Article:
Originally published in Italian in 1988, this is a collection of essays on various roles that Renaissance men and women played. Three essays have been translated from Italian, two from French, and four were originally written in English. John E. Law writes about the Renaissance prince; Michael Mallett the condottiere, Massimo Firpo on the cardinal; Peter Burke on the courtier; Eugenio Garin on "the philosopher and the magus"; Alberto Tenenti on the merchant-banker; Andre Chastel on the artist; Margaret L. King on the woman of the Renaissance; and Tzvetan Todorov on voyagers and natives. An aura of Burckhardtian individualism hovers over many of the essays.
The book is intended for nonspecialists. The essays lack documentation except for general bibliographies and scholars will grit their teeth at some of the exaggerated statements. Most of the essays are filled with unidentified names and references, untranslated Latin and Italian phrases, and a paucity of dates. The real audience for this volume seems to have been older Italian readers who, before the school reforms of 1968, were pumped full of enough Italian history and Latin to be able to understand the names, unexplained bits of information, and untranslated quotes. It is hard to see how readers on this side of the Atlantic lacking such education will get much out of the volume, Students will be bewildered.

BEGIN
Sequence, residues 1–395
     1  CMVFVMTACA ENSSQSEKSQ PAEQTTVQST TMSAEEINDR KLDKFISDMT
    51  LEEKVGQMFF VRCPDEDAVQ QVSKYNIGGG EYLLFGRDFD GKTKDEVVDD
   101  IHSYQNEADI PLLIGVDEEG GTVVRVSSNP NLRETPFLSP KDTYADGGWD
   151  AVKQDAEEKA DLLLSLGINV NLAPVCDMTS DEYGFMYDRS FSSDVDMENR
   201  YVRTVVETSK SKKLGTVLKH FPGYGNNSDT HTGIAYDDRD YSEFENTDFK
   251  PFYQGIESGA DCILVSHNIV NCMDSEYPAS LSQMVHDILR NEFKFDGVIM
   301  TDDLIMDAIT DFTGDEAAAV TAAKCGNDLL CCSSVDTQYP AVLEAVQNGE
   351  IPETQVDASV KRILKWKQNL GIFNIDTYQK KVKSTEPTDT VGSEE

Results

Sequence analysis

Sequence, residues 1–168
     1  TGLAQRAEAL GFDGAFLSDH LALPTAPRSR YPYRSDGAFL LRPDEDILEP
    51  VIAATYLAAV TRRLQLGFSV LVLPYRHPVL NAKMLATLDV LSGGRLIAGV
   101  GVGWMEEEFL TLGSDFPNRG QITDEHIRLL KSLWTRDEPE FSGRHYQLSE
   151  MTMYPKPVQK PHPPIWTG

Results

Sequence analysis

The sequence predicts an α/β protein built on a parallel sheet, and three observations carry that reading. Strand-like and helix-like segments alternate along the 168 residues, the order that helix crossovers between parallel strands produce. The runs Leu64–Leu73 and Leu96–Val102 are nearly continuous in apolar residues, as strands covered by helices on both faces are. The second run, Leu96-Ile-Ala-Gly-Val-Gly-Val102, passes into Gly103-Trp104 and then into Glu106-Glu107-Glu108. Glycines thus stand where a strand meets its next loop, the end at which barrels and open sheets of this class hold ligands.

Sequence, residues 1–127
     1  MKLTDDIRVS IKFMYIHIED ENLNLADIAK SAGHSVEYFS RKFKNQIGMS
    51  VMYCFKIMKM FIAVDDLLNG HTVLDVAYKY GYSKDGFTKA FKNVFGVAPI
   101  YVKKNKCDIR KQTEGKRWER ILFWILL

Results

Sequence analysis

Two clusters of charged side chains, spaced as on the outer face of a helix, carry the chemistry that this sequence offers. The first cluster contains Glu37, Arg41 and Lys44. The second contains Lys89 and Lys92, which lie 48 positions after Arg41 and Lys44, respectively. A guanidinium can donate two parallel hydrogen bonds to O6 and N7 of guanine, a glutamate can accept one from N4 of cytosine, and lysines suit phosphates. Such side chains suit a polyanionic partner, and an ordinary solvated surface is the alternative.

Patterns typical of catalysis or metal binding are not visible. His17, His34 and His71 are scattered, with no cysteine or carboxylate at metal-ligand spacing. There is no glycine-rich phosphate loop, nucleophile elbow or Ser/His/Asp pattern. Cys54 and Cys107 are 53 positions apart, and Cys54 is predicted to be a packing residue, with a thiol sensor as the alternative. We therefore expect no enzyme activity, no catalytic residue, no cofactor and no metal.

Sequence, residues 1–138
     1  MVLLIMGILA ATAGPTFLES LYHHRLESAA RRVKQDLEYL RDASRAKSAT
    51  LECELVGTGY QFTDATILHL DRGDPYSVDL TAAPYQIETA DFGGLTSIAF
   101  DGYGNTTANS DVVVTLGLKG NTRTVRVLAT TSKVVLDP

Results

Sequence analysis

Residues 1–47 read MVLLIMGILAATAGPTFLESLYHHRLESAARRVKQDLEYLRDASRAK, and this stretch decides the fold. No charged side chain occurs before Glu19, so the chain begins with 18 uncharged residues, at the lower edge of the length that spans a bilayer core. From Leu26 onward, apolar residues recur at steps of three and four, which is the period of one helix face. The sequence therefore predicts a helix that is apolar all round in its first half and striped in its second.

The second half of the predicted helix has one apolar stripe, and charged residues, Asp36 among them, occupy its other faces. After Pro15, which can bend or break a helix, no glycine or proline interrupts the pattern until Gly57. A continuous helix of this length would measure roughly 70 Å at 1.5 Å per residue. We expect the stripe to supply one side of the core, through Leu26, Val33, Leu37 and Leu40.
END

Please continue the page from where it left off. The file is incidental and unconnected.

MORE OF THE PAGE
Garin seems to have pursued a standard Italian approach to such a volume: gather a group of experts, give each a topic, and turn them loose without firm direction. Consequently, the authors approach their subjects from different perspectives. Law argues that the Italian Renaissance princedom was not modern but really medieval in nature. He states that the modernity of Renaissance states has been much exaggerated, partly because historians are "the king's friends." They see things the way the prince wants them to be seen. The problem is that Law concentrates on the fifteenth-century princedom, while most of the evidence for the modernity of the Italian Renaissance state comes from republics and sixteenth-century princedoms. Law's essay is also an example of the strange phenomenon that many British historians of the Italian Renaissance are convinced medievalists who deny the existence of their own subject.
Firpo's long essay presents a readable account about the Renaissance papacy from 1464 onward. It is full of stories of corruption and suppression and, naturally, avoids "good" popes and nuances. Garin argues that practically every innovative Italian Renaissance intellectual developed outside of universities and broke with university learning. But his Burckhardtian superintellectuals include Pietro Pomponazzi and Girolamo Cardano, who spent most of their adult lives teaching in Italian universities.
Some of the essays are considerably better. Mallett gives a clear account of the condottiere and Tenenti does the same for the merchant-banker. King's essay, a precis of her recent book also published by the University of Chicago Press, summarizes in clear fashion a great deal of research on European women during the Renaissance. Finally, there is a hilarious mistake in the preface. Vittorino da Feltre's school, which he called Casa Giocosa (Merry House), becomes "casa dei giuochi" (house of games of chance). The pious Vittorino would have been horrified.
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|Author:||Grendler, Paul F.|
|Article Type:||Book Review|
|Date:||Sep 22, 1992|
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